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Question about riding (specifically at big FEI events) with injuries

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  • Question about riding (specifically at big FEI events) with injuries

    After seeing what happened with Marilyn and Demeter today, it made me think:

    We would never ask our horses to run around a 4* event if they were feeling under par, with any sort of injury. It just makes me wonder why it is allowed to run with the rider clearly "under par." Clearly there is no line which states what injury constitutes as "risking wellbeing of both horse and rider," but I can't help but feel that Marilyn was putting the well-being of her horse at risk by running her, more or less one-armed. It was pretty obvious she was uncomfortable, and dealing with some pain during her run... that kind of injury is incredibly painful, and absolutely distracting while trying to navigate a 4* course.

    Someone in a different thread stated that, had she had both shoulders intact, she would have either been able to stay on, or not found herself in that position. If the horse had fallen or gotten hurt because of her decision to ride with that injury, would more people be upset?

    I don't mean this to be a slam on Marilyn, and I would have written this had it even been about William, it just bothered me a little that there is no rule here. Thoughts?

    Look at William and Boyd saving their horses for another day... surely there would be another day for Demeter... in a more ideal situation, no?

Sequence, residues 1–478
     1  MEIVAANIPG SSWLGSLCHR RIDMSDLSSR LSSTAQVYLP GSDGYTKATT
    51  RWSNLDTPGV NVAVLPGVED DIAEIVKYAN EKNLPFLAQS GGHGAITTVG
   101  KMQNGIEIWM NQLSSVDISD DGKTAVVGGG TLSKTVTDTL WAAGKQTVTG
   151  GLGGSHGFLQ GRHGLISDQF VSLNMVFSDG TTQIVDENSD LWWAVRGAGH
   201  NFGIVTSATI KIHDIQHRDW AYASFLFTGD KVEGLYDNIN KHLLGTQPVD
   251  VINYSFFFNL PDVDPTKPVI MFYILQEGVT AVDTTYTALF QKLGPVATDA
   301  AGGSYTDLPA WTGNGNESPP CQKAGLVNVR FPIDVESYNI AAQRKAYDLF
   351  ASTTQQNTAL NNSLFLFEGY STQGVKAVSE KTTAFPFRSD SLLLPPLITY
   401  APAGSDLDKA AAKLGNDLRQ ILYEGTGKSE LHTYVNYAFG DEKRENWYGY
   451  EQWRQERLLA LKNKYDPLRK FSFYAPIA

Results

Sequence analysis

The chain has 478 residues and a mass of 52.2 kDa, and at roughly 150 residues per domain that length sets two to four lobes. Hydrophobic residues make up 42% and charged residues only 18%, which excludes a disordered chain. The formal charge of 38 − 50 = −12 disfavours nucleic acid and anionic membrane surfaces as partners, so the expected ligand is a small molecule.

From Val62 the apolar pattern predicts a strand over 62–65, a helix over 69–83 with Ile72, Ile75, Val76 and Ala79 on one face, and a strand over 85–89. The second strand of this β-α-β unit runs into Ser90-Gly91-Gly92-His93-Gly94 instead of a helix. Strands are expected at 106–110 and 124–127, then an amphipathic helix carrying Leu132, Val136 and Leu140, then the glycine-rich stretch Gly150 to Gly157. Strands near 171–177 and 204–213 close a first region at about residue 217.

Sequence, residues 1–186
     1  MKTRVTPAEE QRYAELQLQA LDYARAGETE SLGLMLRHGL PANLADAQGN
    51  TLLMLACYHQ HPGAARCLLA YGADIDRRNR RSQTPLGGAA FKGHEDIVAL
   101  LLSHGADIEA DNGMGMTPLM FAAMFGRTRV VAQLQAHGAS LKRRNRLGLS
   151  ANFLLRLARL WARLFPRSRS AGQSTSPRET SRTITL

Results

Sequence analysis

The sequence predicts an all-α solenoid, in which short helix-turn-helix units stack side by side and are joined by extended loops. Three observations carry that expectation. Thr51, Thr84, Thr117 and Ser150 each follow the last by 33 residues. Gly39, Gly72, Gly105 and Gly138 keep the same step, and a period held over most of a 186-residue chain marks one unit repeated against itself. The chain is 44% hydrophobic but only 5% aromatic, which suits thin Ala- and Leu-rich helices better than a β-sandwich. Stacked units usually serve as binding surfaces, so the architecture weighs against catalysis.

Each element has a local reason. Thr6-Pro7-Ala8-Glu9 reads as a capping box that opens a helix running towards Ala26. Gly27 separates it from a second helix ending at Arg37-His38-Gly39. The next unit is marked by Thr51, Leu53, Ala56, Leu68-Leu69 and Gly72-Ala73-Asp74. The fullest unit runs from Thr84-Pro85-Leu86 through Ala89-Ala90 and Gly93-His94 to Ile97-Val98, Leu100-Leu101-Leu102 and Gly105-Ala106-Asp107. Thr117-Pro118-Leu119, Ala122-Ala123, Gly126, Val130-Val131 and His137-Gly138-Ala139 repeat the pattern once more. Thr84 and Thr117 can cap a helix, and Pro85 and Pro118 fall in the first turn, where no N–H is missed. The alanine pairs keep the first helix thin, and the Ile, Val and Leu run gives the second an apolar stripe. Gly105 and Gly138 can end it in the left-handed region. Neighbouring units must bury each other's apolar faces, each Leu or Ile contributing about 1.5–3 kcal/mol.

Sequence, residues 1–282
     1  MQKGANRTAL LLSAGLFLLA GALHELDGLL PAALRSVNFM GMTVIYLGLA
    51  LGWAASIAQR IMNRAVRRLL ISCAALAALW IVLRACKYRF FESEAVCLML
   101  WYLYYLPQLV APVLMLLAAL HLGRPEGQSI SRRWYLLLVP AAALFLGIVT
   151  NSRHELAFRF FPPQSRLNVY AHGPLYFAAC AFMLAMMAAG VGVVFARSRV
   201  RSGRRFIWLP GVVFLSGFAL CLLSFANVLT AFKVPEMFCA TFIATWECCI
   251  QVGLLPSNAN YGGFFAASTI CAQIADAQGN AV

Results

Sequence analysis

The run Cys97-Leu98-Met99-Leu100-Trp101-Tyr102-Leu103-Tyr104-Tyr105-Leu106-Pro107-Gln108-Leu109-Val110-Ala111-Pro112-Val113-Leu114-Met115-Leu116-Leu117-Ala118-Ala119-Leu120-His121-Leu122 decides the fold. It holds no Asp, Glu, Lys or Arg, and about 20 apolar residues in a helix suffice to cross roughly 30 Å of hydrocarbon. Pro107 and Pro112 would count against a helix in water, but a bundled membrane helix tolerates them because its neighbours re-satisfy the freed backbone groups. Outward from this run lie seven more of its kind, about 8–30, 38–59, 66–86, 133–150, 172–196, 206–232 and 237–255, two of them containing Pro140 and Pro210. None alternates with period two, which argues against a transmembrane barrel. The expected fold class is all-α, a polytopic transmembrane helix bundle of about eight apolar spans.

• #2
    I had the same thought.... wouldn't that much pain and guarding affect body mechanics and posture, possibly weighting the horse's balance differently? I don't think I'd want to be galloping down to some tough technical questions and have a different balance. She's one tough lady, that's for sure.
    Somewhere in the world, Jason Miraz is Goodling himself and wondering why "the chronicle of the horse" is a top hit. CaitlinAndTheBay

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    • #3
      But where do you draw the line? Boyd rode with a hurt ankle Lynn rode with a broken pinkie. Riding through injuries is part of the eventing culture. She did seem in obvious pain and favoring the shoulder to me too even in dressage Not sure of the answer
      Gallop on

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      • #4
        It has to be a personal choice, otherwise it becomes very subjective.

        Comment


        • #5
          I did not see Marilyn's fall but I did see her jump just before that- the straight up ditch brush #12 which the mare attacked and cleared with air and the sunken road. Any issues with Marilyn were not evident to me at that point.

          From a spectators selfish point of view I appreciated Marilyn's effort today. You plan to go view this top notch competition and anticipate seeing the best along with the new names. It is understandable (and unpredictable) when a horse or rider has entered then has to withdraw prior to the start so Marilyn gets an "atta girl" from me. The new to Rolex riders that had something to prove today also get my "atta girl". There were some really well ridden rounds by newbies.

          Comment


          • #6
            If she was having trouble with her shoulder, that would explain why she got bounced out of the tack and couldn't hang on - there looked to be a moment when a lucky/unhurt/whatever rider could have clawed their way back into the tack.

            Comment


            • #7
              I was about to post a similar topic. Are riders limited to what they are allowed to take pain killer/medicine is general during a FEI competition? Would some of these riders be riding in pain because they can't take the required pain killers?

              P.